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Minnesota author Tim O'Brien looks back at making of PBS's 'The Vietnam War'

Don Shelby (left), Lynn Novick and Tim O'Brien/photo courtesy of TPT

"The Vietnam War," the 18-hour documentary about the divisive conflict, concludes with an excerpt from Minnesota author Tim O'Brien's collection of short stories, "The Things They Carried," a decision that one key player fought against.

"I hate watching myself on television," said O'Brien, who appeared Wednesday night at his alma mater, Macalester College, along with "War" co-director Lynn Novick, for a public forum hosted by former WCCO anchor Don Shelby.

Novick, who partnered with Ken Burns, said the Worthington-raised veteran was a key reason the film resonated with the millions of viewers that helped make it one of the most viewed programs in PBS history.

"I didn't think about this until just now, but Tim was the first person we talked to when starting with the project," she said backstage, shortly before the panel discussion. "Ending it with him seems very fitting."

Despite his reservations about being on camera, O'Brien said he was honored to be among the roughly 100 people interviewed for the project. He praised Novick and Burns for doing their homework before chatting with veterans from both sides of the war.

"I took classes at Harvard, and talking to Lynn and Ken was like taking an advanced seminar," he said.

O'Brien also participated in a discussion on campus Thursday with Macalester professor and Booker Prize winner Marlon James.

Twin Cities' 5 must-see art shows this weekend

Above: Edgar Heap of Birds’ “Nuance of Sky #1, Neuf series”

CLOSING THIS WEEKEND

Edgar Heap of Birds

Bockley Gallery  (2123 W 21st Street, Mpls 55405)

Closes Oct 21

When artist Edgar Heap of Birds arrives to a new city for an exhibition, he thinks about how he can honor the place and the indigenous people who live there. In his newest self-titled solo exhibition at Minneapolis’ Bockley Gallery, Heap of Birds showcases art spanning his long career, from text-based conceptual pieces produced in the 1980s and ’90s, to abstract paintings from his colorful 2012 Neuf series. Then there’s the new signage series titled “Native Hosts for Minnesota” (2017). “Native Hosts” incorporates three large-scale signs, each with white background and light blue letters. One spells out: “ATOSENNIM” (that’s Minnesota spelled backward) with smaller text below that reads: “TODAY YOUR HOST IS BDE MAKA SKA,” a reference to the renaming of Lake Calhoun. Read more about Edgar Heap of Birds’ exhibition here: http://www.startribune.com/new-bockley-gallery-show-reflects-history-of-american-indians-in-south-minneapolis/446483793/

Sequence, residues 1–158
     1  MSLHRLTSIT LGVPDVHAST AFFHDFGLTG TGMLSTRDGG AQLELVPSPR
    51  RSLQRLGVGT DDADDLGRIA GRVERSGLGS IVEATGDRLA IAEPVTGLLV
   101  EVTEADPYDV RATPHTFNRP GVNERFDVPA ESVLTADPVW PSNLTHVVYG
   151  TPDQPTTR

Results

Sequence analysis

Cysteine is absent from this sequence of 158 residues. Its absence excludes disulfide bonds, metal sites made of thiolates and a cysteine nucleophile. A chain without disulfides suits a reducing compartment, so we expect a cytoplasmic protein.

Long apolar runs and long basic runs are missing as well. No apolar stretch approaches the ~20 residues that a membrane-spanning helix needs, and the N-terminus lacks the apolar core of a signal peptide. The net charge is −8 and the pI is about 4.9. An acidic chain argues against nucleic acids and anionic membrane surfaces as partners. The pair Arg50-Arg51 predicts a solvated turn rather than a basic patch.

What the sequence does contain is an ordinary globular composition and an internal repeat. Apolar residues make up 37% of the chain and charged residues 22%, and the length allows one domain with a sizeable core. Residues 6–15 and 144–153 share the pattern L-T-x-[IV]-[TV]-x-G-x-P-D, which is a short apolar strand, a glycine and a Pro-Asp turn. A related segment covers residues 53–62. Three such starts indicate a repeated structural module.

"Revival Field" by Mel Chin. Photo: Public Art Saint Paul.

ARTIST LECTURE

Mel Chin: “Revival Field Revisited”

University of St. Thomas (O’Shaughnessy Education Center Auditorium, 2115 Summit Ave., St. Paul)

Thurs., Oct 19 at 7 p.m.

This week, conceptual artist Mel Chin returned to the site of “Revival Field” at the Pig’s Eye Landfill in St. Paul for the first time in more than 20 years. Initiated in 1993, Chin’s project investigates environmental pollution and possible ways that plants could be used as “hyperaccumulators,” which means they would absorb heavy metal toxins and then the plants themselves would be harvested and incinerated. A collaboration between the artist, the Walker Art Center, City of St. Paul and state agencies, and research agronomist Dr. Rufus Chaney, Chin designed “Revival Field” used art as a way to test if this would actually work. The project itself is a 60x60 foot square with a circle inside of it, divided into 96 plots. Read more about “Revival Field” here, and come to the talk to learn more about it directly from Mel: https://walkerart.org/magazine/mel-chin-revival-field-peter-boswell-rufus-chaney-eco-art